Protesters gathered in St. Louis on Sunday, Nov. 30, 2014, after a Bosnian-American man was fatally attacked by juveniles with hammers. Inspired by Ferguson but with a different message, the protesters wanted more police in the area. Photo by Todd Frankel / The Washington Post

ST. LOUIS, Mo. – Protesters blocked traffic. One woman hoisted a “No justice, no peace” sign. And a line of police officers watched in silence. It was a familiar scene Sunday night.

But this was not about the fatal police shooting in Ferguson.

This was about the death of Zemir Begic, a 32-year-old Bosnian-American man who police said was fatally beaten by four juveniles armed with hammers early Sunday morning as he climbed into his car. Now, not far from where Begic died, a crowd of at least 150 people in a neighborhood known as “Little Bosnia” poured into the street.

http://www.washingtonpost.com/posttv/national/bosnian-man-killed-after-hammer-attack-in-st-louis/2014/12/01/aa9371df-e6f1-4889-8239-fd81d5044325_video.html

“We’re going to have a little bit of fun blocking our own traffic,” said Adnan Esmerovic, 27, who lives across the street.

The protest tactics were clearly borrowed from the playbook on display in nearby Ferguson and cities across the country after a grand jury last Monday declined to indict police officer Darren Wilson for the fatal shooting of Michael Brown in August. The region has been roiled by protests that closed roads and shuttered malls.

But the message in Little Bosnia – where almost all the protesters spoke the Bosnian language – was different.

They were not upset with police actions. They were upset by police inaction.

They wanted more police and more aggressive patrols.

“In Ferguson, they want to make a protest about nothing and yet that attracted attention across the nation,” Esmerovic said, adding that he didn’t believe Wilson had done anything wrong. “We’re just trying to keep more police down here because of these little thugs.”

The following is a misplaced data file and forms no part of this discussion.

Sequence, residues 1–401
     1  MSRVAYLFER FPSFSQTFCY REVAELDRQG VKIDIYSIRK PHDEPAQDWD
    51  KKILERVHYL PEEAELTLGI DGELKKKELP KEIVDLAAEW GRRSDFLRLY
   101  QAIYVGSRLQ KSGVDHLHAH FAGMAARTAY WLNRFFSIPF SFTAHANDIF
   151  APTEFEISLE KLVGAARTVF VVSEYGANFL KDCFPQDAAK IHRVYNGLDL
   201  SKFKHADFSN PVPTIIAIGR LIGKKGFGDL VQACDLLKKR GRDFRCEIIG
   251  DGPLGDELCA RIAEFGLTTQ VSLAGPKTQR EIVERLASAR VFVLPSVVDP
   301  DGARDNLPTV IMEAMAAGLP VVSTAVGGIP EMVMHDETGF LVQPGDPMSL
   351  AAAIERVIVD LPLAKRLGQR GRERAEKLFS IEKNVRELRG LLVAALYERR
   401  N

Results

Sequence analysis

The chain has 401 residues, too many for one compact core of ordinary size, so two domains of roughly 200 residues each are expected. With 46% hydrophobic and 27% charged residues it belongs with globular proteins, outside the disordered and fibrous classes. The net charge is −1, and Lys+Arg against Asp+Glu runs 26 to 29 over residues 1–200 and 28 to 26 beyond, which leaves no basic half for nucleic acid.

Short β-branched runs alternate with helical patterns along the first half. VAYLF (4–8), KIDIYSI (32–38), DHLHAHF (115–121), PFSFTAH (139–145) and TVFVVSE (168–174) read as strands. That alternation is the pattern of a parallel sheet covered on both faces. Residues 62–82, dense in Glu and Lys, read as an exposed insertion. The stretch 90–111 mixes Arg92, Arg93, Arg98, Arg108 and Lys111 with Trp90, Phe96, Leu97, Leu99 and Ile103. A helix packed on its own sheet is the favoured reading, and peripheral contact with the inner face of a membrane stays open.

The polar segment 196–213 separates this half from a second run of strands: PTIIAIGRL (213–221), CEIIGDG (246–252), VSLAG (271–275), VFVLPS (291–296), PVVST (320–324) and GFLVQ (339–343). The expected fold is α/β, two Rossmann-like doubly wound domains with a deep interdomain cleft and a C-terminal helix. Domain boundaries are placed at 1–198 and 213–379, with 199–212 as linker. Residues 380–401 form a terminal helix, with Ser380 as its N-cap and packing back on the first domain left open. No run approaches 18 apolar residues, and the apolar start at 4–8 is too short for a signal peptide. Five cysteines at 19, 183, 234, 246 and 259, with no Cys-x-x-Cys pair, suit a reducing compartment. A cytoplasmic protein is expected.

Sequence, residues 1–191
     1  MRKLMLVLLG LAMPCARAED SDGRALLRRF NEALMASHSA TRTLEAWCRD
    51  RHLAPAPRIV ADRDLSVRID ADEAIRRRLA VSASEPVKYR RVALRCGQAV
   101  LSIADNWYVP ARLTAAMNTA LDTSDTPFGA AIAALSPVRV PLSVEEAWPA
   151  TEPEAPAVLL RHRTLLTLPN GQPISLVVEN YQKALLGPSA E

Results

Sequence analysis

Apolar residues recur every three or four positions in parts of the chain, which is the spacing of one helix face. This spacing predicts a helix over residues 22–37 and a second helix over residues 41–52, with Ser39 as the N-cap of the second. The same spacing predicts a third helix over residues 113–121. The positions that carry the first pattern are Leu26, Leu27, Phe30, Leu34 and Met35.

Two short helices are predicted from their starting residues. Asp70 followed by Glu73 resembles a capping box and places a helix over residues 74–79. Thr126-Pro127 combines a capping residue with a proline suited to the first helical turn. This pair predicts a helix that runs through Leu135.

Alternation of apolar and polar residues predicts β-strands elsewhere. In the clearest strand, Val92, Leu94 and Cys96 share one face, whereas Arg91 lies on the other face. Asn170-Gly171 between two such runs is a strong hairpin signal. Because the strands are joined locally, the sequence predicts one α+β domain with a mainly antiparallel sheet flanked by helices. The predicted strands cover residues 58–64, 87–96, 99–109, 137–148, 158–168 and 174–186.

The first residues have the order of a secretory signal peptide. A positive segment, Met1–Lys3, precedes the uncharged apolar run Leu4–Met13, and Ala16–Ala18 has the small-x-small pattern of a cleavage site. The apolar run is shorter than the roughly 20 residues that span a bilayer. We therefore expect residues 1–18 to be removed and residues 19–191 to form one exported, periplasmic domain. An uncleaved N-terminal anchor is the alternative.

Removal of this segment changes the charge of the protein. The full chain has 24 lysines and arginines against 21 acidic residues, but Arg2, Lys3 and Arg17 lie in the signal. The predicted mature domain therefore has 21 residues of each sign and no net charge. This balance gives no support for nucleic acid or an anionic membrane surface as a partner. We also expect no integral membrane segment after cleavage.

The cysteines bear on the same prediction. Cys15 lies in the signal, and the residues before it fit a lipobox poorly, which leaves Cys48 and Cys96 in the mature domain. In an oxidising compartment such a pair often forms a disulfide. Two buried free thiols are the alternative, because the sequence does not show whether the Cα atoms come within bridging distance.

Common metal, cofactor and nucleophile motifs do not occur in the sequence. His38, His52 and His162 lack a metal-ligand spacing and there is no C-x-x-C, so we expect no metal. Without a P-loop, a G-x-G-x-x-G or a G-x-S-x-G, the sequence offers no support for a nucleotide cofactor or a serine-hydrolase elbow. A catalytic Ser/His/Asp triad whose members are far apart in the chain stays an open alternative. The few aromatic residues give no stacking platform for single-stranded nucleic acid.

Merosodin Salakic noted that the Ferguson protests drew a heavy police response. That’s what he wanted here.

“We’re trying to show them that what happened wasn’t right,” Salakic said.

The protesters did not chant. The protesters didn’t hurl insults at police. Some huddled around a bonfire on a garage’s parking lot. A memorial for Begic with stuffed animals began to take shape in a corner. The protesters only edged into the street whenever police showed signs of losing interest and departing.

The first waves of Bosnians began settling in St. Louis in the 1990s during the brutal Bosnian War. Today, the region is home to an estimated 60,000 refugees from Bosnia. Many live in this neighborhood in the shadow of Bevo Mill, a banquet hall topped with a massive windmill, filled with Bosnian nightclubs and grocers.

Esmerovic fled to St. Louis with his family when he was 7. He said crime has been an increasing worry. (Reported crime is down about 5 percent in the Bevo Mill neighborhood this year compared to 2013, according to city statistics; aggravated assaults have increased, while robberies and burglaries have fallen.) Begic, too, emigrated from Bosnia as a child. He had moved to St. Louis from Waterloo, Iowa, only months earlier, following his wife, who had family in the area, Salakic said. Begic recently found work at Salakic’s construction company.

At about 1:30 a.m. Sunday, Begic left a nearby bar and was walking to his car when he was attacked.

One hour before that attack, Seldin Dzananovic, 24, said he was attacked by a group of young men wielding hammers. He managed to escape with only a deep cut on his neck.

With protesters standing on the sidewalk’s edge, St. Louis Police Chief Sam Dotson walked up and tried to reassure the crowd.

“We’ve arrested three out of four already,” Dotson said, referring to the ongoing hunt for the alleged attackers, believed to be all juveniles. “Please stay out of the street. Please.”

He repeated his message down the line of protesters.

One man begged the police chief to increase the number of officers on patrol in the area.

“I can’t do it overnight,” Chief Dotson said. “I can’t fix everything overnight.”

The man asked again.

Listening nearby, Esmerovic sounded frustrated.

“But you can get 1,000 cops in Ferguson,” he said. “Well, we’re going to protest to keep them here.”